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Born Mar. 12, 1843, in Sarlat; died May 13, 1904, in Paris. French sociologist and criminologist.
From 1894 to 1896, Tarde headed a section in the Ministry of Justice. Later he taught and was made a professor of modern philosophy at the College de France in 1900. His sociological theory is pervaded by psychologism. According to Tarde, the psychology of the individual is the starting point of society, and the key processes occurring in society are those of imitation, opposition, and adaptation. Imitation is characteristic of individuals and facilitates their adaptation. Society is made possible by a universal law of repetition. The sole source of progress of society is invention, which is due to individual initiative and new combinations of existing ideas. As a result of imitation, the individual acquires both established norms and values and innovations. Tarde’s ideas were later developed in the theories of the socialization of the personality.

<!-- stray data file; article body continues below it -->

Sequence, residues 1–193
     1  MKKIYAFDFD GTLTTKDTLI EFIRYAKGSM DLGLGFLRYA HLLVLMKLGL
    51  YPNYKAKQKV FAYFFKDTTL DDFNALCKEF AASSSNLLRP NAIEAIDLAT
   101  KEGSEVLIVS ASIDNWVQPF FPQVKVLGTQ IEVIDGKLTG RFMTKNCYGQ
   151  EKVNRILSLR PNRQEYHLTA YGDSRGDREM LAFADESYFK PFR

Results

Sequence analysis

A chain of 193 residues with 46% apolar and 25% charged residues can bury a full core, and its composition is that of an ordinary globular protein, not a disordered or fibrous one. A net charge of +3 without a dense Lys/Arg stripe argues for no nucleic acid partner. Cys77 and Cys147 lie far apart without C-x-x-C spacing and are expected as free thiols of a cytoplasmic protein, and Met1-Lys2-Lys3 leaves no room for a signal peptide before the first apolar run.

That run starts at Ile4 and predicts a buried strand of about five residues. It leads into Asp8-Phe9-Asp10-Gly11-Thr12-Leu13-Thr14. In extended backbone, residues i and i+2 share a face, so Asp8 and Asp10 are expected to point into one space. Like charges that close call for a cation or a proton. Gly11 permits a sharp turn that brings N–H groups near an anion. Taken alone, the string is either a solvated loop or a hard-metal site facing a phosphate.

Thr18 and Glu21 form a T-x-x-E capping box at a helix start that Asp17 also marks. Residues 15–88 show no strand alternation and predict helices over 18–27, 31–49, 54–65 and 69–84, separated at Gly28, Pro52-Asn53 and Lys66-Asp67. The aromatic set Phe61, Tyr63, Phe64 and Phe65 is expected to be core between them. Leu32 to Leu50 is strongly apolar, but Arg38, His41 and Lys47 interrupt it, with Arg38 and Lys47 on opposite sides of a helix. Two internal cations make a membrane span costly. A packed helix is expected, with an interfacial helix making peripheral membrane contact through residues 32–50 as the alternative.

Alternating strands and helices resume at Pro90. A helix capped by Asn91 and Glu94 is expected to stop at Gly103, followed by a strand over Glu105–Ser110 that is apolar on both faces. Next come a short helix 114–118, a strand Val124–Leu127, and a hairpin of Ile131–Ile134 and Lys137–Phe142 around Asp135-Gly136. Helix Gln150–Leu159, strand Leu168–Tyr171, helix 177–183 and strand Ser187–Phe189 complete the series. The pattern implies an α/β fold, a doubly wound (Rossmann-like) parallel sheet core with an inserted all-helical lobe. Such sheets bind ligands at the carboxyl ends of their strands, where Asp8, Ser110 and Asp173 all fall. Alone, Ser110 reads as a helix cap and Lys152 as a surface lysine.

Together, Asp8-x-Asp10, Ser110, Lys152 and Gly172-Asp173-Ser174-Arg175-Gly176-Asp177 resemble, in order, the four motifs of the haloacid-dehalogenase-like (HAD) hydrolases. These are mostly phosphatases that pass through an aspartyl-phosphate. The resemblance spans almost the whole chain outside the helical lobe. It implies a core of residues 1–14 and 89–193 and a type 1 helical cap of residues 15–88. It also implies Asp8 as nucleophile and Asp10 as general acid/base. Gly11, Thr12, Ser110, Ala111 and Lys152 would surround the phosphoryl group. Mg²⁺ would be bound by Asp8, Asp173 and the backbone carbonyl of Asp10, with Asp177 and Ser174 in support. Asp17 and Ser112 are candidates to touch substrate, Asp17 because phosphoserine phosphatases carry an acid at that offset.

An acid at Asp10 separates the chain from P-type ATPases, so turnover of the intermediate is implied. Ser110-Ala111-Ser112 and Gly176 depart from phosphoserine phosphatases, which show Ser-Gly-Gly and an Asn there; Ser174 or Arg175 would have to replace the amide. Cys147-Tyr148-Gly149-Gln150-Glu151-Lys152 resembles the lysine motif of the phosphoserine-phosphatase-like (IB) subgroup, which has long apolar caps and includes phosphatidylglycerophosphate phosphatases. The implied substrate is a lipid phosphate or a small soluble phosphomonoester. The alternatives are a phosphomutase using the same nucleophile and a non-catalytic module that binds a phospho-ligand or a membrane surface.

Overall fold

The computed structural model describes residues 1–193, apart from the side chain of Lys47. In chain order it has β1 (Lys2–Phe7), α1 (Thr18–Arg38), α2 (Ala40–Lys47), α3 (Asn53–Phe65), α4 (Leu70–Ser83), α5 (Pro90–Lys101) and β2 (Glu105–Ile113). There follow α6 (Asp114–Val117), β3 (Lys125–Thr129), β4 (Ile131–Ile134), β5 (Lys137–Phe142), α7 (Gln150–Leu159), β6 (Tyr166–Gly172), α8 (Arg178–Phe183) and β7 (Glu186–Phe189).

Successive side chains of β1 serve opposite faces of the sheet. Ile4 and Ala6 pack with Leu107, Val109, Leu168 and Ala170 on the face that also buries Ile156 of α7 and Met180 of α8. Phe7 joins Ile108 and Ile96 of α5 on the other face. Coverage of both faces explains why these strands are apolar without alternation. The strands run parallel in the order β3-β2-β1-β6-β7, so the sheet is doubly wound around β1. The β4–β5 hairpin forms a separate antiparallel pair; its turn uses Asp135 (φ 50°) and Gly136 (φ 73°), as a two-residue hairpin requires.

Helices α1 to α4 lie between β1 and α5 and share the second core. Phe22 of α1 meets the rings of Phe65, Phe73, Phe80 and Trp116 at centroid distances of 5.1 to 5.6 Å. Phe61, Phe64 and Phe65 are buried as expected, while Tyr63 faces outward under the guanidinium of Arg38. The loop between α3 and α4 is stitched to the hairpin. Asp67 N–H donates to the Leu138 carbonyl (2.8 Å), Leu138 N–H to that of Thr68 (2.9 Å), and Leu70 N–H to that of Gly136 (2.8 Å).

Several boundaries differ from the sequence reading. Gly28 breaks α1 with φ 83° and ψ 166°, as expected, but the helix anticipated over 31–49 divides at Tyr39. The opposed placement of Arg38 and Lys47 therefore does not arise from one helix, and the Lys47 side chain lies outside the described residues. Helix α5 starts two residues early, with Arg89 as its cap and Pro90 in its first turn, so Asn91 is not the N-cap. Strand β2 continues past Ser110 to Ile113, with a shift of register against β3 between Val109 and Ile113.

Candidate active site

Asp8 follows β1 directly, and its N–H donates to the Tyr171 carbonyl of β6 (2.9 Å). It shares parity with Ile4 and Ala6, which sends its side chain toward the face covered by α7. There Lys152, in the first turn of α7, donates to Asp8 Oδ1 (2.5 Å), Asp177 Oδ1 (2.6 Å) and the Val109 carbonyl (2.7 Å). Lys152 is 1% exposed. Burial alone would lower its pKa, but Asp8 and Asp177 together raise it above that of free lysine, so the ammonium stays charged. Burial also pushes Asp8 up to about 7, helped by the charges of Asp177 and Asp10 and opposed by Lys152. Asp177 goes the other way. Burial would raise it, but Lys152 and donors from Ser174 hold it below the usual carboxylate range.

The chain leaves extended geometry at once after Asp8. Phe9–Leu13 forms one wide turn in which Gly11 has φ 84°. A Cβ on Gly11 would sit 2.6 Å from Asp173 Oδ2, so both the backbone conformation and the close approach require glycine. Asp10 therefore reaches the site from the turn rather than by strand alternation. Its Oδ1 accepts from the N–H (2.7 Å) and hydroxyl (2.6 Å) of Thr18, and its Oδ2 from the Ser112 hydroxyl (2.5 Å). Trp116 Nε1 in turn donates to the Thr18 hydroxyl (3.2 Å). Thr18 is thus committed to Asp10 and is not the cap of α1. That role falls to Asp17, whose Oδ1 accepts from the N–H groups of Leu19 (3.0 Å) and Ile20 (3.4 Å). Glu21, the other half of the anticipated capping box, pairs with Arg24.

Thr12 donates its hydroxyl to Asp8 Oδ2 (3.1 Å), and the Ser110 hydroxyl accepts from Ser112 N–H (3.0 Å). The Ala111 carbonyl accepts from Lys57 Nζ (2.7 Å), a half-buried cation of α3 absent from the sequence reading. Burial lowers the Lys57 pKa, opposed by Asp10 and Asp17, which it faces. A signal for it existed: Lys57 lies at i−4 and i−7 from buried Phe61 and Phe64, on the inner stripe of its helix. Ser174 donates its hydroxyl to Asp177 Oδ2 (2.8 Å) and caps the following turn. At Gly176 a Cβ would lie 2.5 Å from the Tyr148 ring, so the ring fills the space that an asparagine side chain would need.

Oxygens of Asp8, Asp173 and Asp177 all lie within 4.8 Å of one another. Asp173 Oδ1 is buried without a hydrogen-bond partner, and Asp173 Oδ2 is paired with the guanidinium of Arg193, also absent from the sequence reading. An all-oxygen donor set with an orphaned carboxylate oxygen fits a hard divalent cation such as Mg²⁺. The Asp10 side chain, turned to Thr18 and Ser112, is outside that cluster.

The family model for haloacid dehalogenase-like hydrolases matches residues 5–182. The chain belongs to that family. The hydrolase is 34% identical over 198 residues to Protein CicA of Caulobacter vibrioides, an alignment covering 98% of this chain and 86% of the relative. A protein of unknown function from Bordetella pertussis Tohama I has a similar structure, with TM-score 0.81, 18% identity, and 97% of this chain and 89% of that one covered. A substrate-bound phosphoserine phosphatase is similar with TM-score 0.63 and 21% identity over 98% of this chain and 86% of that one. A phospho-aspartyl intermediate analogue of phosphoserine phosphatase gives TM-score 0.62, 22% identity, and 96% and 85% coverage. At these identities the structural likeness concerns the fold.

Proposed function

Tarde’s research demonstrated the difference between social psychology and individual psychology. According to Tarde, human beings taken collectively—especially in a crowd—are far more emotional and excitable and less intellectual than human beings taken individually. On the basis of this theory, Tarde was opposed to mass organs of state authority.
Tarde also wrote a number of works on the philosophy of law. His ideas influenced American sociology.
WORKSLa Criminalité comparée. Paris, 1886.
La Philosophic pénale. Paris, 1890.
Les Transformations du droil, 2nd ed. Paris, 1894.
L’Opposition universelle. Paris, 1897.
Etudes de psychologie sociale. Paris, 1898.
Les Transformations dupouvoir. Paris, 1899.
La Psychologie économique, vols. 1–2. Paris, 1902.
L’Opinion et la foule, 4th ed. Paris, 1922.
In Russian translation:
Zakony podrazhaniia. St. Petersburg, 1892.
Prestupleniia tolpy. Kazan, 1893.
Sotsial’naia logika. St. Petersburg, 1901.
Sotsial’nye zakony. St. Petersburg, 1906.